Then it makes symbolic sense, although it's not a "hard" magic system. It is instead this surrealist, "soft" kind of magic, because they don't tell you why they don't just undo the whole thing so this firstborn child doesn't even go into a coma. It makes sense that they can't undo that, even without explaining the details of how it works or doesn't work. The curse won't come from a hat pin or a mosquito bite, but a spinning wheel spindle—that's just how it's going to be, because the curse-caster said so. That's what some people call "soft" magic systems.

Michael Carpenter in The Dresden Files and Frances Hodgeson Burnett's characters (Sara Crewe and Mary Lennox) display a different kind of magic that's more like "happy coincidences all the time", like some small good thing happens at the best time…even if it doesn't solve everything, because the good thing that happens is so small. Sara Crewe is saved from starvation once or twice by this magic, but her father is still dead and there's still something too bad about the people who were supposed to adopt her after her father's death, living right next door but not being able to find her.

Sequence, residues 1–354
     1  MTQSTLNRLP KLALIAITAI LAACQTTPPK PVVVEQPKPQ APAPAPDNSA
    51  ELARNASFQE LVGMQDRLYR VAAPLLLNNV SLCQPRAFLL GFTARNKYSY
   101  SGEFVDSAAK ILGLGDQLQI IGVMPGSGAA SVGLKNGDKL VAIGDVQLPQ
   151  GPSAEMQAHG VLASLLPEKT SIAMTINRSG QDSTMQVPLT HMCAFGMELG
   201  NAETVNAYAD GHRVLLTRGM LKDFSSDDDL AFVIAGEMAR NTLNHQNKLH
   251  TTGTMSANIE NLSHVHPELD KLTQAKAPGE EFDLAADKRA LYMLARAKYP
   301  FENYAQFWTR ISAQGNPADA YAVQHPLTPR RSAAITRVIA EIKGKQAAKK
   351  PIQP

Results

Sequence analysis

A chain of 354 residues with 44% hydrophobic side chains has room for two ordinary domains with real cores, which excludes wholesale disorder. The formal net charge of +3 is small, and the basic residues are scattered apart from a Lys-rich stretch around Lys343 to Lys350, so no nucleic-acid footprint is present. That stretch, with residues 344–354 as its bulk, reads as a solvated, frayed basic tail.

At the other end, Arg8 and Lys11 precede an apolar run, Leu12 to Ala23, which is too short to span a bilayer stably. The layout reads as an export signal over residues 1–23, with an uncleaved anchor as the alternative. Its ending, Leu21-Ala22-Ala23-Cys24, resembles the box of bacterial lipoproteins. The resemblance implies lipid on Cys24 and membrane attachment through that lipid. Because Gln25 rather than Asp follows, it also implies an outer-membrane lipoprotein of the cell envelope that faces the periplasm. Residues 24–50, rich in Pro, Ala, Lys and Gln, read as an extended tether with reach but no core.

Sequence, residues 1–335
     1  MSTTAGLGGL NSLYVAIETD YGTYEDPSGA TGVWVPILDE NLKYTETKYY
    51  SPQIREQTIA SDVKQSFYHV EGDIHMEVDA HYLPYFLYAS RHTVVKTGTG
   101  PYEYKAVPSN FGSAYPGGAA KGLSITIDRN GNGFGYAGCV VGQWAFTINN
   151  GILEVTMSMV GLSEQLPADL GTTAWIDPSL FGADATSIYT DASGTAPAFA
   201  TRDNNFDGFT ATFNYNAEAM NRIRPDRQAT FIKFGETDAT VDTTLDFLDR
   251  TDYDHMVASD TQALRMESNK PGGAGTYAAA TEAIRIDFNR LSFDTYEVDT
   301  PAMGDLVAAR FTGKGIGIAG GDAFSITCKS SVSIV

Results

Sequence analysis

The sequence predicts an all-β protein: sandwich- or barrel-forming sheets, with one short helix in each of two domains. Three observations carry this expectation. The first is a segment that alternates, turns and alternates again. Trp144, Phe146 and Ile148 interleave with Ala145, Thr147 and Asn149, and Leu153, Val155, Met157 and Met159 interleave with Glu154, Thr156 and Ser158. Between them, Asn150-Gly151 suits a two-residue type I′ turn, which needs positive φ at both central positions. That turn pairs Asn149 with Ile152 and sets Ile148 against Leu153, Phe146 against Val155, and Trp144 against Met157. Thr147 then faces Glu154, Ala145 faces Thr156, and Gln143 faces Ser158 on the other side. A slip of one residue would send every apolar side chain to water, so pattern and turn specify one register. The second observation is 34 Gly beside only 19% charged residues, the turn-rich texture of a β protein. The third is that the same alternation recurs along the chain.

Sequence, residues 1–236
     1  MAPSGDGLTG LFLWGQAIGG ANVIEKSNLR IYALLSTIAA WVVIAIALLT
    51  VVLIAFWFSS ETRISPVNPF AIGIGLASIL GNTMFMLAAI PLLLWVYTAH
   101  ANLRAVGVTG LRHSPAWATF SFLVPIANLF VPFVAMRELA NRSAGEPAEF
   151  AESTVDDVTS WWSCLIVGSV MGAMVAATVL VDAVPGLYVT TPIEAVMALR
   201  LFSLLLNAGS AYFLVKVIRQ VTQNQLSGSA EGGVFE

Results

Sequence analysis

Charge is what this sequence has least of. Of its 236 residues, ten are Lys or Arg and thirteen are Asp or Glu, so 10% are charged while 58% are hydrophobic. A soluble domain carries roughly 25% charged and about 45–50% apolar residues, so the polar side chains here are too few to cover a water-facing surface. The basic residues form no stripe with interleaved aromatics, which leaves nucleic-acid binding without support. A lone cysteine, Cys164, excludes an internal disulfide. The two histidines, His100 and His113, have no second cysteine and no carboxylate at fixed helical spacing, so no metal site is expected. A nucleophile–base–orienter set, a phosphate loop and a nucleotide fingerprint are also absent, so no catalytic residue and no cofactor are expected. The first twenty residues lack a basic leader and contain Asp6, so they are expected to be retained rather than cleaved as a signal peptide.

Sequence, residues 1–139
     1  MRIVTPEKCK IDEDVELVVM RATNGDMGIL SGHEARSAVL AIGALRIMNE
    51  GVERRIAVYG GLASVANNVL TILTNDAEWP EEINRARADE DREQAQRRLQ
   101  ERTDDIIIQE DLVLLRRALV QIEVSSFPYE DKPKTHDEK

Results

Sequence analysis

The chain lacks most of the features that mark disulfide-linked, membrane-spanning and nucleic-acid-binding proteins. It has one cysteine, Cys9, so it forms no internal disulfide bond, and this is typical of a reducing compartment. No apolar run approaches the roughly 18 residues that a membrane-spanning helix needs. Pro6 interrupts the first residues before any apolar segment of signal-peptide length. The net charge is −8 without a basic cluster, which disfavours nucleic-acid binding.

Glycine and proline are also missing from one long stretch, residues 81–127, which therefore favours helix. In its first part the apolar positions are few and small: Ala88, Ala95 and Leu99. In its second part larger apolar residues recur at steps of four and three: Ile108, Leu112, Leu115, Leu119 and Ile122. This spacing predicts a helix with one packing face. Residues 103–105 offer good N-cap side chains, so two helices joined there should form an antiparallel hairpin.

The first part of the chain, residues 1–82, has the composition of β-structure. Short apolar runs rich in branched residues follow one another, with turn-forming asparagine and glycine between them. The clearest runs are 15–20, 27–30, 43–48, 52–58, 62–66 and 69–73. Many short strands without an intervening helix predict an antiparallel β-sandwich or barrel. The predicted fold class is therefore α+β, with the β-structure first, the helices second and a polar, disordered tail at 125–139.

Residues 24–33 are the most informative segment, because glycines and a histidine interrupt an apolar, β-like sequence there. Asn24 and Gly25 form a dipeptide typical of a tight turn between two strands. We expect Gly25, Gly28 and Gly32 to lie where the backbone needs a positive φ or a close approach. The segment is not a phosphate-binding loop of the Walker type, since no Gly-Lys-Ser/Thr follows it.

Those are all examples of "soft" magic systems.

What's really popular right now, though, is "hard" magic systems:

In The Dresden Files again, the main character is a wizard, and is also the point of view character…so, Michael Carpenter's lucky accidents aren't something the wizard character knows about, even though they are both in the story setting. Instead, the wizard describes preparing potions—always composed of 5 ingredients that have something to do with one of the 5 Senses. What the ingredients do to those senses determine what the potion will do. Like, if he wanted a potion to keep him awake, then ingredients would include the smell of coffee and the sound of a rooster crow.

These "hard" magic systems usually have patterns and clear limitations… Based on Four Elements, for example, or "If you shapeshift into an animal then you have to have seen the animal that you are imitating" (from the True Blood television series).

So, a "hard" magic system has very clear and often very elaborate rules and limitations…more like a physics textbook or a user manual for a branch of science in a parallel universe.